Millennials: A fellow traveler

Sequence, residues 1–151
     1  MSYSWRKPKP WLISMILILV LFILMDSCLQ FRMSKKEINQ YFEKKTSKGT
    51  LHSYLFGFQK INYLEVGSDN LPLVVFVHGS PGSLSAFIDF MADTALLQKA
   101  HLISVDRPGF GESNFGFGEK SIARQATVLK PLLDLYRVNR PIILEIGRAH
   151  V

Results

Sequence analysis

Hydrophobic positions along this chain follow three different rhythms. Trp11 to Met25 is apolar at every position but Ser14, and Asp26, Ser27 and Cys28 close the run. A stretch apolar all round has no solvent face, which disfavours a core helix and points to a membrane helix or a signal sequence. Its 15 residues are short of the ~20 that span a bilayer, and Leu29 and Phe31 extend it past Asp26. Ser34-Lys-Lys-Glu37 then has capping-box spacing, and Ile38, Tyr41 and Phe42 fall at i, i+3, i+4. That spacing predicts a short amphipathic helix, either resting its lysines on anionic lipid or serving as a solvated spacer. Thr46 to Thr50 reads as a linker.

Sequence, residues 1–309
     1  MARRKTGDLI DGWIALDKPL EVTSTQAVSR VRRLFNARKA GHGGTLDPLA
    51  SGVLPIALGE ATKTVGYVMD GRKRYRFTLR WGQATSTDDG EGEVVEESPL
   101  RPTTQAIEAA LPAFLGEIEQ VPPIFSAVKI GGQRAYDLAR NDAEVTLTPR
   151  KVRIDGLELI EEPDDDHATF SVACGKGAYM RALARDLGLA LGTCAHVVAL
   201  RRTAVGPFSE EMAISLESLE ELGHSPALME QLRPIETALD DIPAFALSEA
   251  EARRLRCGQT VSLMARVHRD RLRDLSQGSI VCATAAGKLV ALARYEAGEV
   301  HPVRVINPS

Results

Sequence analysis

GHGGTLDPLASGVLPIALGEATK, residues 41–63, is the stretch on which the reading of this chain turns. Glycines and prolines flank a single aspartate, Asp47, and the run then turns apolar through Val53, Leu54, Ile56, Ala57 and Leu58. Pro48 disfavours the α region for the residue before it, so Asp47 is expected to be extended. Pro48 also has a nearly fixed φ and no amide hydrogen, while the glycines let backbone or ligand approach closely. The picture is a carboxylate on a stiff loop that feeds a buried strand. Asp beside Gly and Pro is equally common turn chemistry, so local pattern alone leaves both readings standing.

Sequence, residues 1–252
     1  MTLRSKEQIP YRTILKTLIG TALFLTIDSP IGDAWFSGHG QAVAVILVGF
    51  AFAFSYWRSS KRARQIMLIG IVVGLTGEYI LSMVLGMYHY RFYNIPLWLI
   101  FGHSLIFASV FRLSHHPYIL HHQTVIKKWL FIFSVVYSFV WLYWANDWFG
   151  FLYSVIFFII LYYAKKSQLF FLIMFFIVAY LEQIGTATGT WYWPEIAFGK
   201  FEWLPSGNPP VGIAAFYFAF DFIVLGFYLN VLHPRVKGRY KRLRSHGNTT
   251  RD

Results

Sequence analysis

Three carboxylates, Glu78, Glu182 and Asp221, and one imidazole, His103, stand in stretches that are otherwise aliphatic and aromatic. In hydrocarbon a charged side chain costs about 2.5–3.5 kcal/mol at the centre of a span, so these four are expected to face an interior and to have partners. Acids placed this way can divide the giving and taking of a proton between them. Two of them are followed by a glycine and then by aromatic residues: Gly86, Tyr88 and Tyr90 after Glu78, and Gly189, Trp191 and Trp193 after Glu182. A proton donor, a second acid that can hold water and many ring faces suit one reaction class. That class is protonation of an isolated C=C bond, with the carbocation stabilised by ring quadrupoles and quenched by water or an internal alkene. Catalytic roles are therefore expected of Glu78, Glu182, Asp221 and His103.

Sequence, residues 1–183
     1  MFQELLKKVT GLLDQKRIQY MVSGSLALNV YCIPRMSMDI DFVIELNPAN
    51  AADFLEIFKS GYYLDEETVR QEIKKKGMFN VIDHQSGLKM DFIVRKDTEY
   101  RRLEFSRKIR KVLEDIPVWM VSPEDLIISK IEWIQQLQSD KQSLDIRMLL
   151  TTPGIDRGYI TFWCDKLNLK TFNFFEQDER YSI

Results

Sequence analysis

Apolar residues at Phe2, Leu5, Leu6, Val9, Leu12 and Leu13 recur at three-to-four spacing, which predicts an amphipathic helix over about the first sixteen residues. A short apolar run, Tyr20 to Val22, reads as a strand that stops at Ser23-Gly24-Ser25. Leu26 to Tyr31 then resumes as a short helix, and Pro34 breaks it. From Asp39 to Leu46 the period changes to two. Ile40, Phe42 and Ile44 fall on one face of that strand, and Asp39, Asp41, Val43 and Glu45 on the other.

I wouldn’t exactly say, that at the age of 60, I am a Millennial myself. Actually, a baby boomer technically speaking, of an era and a generation, where it was thought you really could have it all. Well, when I was born in 1954, and grew up in Coeur d’Alene my home town; I was one of those people who did not have it all. It was hard to get a job. If you did not already have a resume by the age of 18, then how likely were you to get work? If there was someone you didn’t know, required for reference purposes, then you were less likely to get a job. If the argument was, that you could always seek out teachers to supply references; then you were definitely going to struggle to find work, if those teachers either hated or ignored you. Long before the Millennial generation, I was one of those young people having to live with my parents, and hating it. Then the Army, and finally I found civilian work after I had been in the Army for awhile. But in what had become a “right to work state,” the pay wasn’t sufficient for me to move away and live on my own. Even before the Millenials mentioned in the Daniel Walters’ column in “The Inlander: The Selfie Generation;” I became one of those people, trying to make an independent living with my own start up, a farmers’ market associated business: Morpheus Creative photography, with pictorial website. It was a start up that might have seemed to go nowhere fast, in actually becoming a successful business. One in which I could have accomplished my goal of living independently and on my own. But, I did not give up on it; marketing fiber crafts, photos, plants, and garden products. I had been at that business now for better than 20 years.